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Young Adults and Addiction: The Benefits of Inpatient Care

For many young people, drug use and experimentation is a rite of passage of sorts. However, experimenting with drugs and alcohol is far from harmless, and can often result in lifelong...

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Ron Dembo

Ron Dembo

Professor, author and founder of Zerofootprint.net

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Josh Dorfman

Author and radio show host known as The Lazy Environmentalist...

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Jennifer Hattam

Journalist and blogger at The Green Life

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News

The latest news on this change — carefully culled from the world wide web by our change agents. They do the surfing, so you don't have to!

Measure Your Green-ness

Measure Your Green-ness

National Geographic and GlobeScan have teamed up for a research project entitled “Greendex,” a tool to measure how green 14 countries are in comparison to each other. Hasn’t this been done already? Well, Greendex is the first to look at the consumption behaviors of individual consumers, rather than just the countries, as a whole.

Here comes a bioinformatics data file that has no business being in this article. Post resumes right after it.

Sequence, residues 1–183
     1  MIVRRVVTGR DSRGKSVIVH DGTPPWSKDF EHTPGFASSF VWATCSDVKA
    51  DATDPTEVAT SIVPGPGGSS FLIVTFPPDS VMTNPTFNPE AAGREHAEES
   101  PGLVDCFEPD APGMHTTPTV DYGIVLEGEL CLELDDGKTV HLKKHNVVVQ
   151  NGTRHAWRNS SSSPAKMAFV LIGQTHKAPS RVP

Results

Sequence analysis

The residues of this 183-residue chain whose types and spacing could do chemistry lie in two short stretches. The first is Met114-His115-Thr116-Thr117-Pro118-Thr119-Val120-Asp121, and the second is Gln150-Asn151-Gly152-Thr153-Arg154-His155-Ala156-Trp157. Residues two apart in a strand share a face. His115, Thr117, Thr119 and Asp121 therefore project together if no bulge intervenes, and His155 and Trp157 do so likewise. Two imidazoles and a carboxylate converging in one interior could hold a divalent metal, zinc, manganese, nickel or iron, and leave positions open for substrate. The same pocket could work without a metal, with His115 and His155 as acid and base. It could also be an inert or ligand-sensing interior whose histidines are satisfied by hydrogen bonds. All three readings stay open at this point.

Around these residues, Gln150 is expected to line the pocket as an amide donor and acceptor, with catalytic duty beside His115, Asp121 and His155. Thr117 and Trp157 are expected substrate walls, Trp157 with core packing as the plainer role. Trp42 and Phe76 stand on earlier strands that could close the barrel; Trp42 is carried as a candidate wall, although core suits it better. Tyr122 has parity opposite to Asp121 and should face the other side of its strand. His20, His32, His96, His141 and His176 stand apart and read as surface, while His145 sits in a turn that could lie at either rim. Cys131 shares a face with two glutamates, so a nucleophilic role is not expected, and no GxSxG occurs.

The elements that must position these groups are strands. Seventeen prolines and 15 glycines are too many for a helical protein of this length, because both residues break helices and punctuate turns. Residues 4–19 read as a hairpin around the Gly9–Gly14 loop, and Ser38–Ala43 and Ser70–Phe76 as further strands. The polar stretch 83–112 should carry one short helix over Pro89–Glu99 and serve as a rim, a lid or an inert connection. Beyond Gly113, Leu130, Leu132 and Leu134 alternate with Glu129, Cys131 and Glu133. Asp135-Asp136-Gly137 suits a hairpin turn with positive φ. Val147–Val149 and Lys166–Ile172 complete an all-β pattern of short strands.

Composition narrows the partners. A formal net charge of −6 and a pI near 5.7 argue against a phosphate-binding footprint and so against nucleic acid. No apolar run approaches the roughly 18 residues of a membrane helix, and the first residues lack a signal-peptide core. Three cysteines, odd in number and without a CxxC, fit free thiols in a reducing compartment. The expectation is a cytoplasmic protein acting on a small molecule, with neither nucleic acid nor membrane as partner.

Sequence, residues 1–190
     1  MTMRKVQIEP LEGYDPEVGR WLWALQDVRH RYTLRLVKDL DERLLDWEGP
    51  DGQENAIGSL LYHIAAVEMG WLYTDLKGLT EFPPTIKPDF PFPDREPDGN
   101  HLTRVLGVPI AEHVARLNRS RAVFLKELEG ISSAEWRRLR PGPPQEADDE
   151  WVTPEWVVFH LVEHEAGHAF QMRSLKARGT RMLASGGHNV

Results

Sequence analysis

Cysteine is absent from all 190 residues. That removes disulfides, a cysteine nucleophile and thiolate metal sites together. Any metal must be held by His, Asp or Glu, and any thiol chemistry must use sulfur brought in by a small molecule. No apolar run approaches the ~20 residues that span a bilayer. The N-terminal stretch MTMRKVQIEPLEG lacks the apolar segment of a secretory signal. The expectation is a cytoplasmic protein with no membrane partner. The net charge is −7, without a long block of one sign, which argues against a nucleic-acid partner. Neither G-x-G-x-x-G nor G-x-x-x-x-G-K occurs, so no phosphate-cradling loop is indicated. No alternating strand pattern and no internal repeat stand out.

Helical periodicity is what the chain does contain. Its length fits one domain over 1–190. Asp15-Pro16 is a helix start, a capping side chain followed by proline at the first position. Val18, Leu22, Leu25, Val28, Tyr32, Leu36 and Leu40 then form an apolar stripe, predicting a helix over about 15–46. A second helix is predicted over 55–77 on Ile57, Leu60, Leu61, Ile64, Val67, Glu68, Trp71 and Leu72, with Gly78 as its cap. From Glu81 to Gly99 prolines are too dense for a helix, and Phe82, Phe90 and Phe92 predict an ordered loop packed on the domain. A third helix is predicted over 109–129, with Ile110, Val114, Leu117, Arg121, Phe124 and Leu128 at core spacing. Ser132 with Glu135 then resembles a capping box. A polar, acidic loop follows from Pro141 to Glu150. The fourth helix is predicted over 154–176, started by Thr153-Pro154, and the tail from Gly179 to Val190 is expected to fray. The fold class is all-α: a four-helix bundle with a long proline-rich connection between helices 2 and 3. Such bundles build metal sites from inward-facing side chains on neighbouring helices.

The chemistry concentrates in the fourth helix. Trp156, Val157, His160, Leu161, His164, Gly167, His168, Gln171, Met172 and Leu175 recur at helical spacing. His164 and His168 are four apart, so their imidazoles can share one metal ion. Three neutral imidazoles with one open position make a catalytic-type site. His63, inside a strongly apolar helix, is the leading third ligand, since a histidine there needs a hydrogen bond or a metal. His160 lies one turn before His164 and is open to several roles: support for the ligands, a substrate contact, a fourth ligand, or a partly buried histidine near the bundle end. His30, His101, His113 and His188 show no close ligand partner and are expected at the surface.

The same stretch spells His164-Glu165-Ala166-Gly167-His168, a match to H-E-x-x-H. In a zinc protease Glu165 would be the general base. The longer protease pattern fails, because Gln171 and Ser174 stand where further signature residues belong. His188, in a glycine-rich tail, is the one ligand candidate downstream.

Researchers looked at behaviors such as using cold water for laundry and repairing household things rather than replacing them, but also took into account more uncontrollable factors like climate, availability of public transportation, and access to green products.

Not surprisingly, those of us in developed countries have the most green choices right in front of us, but often do not choose them. India and Brazil tied with a Greendex score of 60, while the United States had the lowest score of 44.9. Again, probably not too surprising. Our houses are the biggest, our use of public transportation minimal, and even though “eating local” seems to have caught on in some areas, it has yet to become a national trend.

Additionally, those in developing countries report that they “feel more responsible for environmental problems” as opposed to their developed country counterpart who less frequently express such a sentiment. Can you see this sentiment changing? [Nationalgeographic.com]

Posted: 5/15/08